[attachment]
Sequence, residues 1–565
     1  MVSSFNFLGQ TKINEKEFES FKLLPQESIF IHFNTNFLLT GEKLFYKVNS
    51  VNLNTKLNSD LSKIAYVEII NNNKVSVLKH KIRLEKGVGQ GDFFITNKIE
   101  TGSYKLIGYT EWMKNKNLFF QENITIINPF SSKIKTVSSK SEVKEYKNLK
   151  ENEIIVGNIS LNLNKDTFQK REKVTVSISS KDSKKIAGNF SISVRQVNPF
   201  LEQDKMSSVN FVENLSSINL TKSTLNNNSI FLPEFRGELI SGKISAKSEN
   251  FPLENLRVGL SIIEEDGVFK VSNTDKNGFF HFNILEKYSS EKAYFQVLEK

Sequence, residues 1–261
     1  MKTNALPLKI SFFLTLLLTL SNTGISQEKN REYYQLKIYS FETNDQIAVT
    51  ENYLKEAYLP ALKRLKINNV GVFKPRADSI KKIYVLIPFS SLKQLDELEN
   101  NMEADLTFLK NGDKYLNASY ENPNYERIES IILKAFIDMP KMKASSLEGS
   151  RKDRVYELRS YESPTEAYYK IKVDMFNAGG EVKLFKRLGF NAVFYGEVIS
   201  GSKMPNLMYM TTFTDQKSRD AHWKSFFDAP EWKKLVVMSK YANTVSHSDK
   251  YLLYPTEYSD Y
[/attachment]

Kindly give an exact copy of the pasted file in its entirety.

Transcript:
Sequence, residues 1–565
     1  MVSSFNFLGQ TKINEKEFES FKLLPQESIF IHFNTNFLLT GEKLFYKVNS
    51  VNLNTKLNSD LSKIAYVEII NNNKVSVLKH KIRLEKGVGQ GDFFITNKIE
   101  TGSYKLIGYT EWMKNKNLFF QENITIINPF SSKIKTVSSK SEVKEYKNLK
   151  ENEIIVGNIS LNLNKDTFQK REKVTVSISS KDSKKIAGNF SISVRQVNPF
   201  LEQDKMSSVN FVENLSSINL TKSTLNNNSI FLPEFRGELI SGKISAKSEN
   251  FPLENLRVGL SIIEEDGVFK VSNTDKNGFF HFNILEKYSS EKAYFQVLEK

Sequence, residues 1–261
     1  MKTNALPLKI SFFLTLLLTL SNTGISQEKN REYYQLKIYS FETNDQIAVT
    51  ENYLKEAYLP ALKRLKINNV GVFKPRADSI KKIYVLIPFS SLKQLDELEN
   101  NMEADLTFLK NGDKYLNASY ENPNYERIES IILKAFIDMP KMKASSLEGS
   151  RKDRVYELRS YESPTEAYYK IKVDMFNAGG EVKLFKRLGF NAVFYGEVIS
   201  GSKMPNLMYM TTFTDQKSRD AHWKSFFDAP EWKKLVVMSK YANTVSHSDK
   251  YLLYPTEYSD Y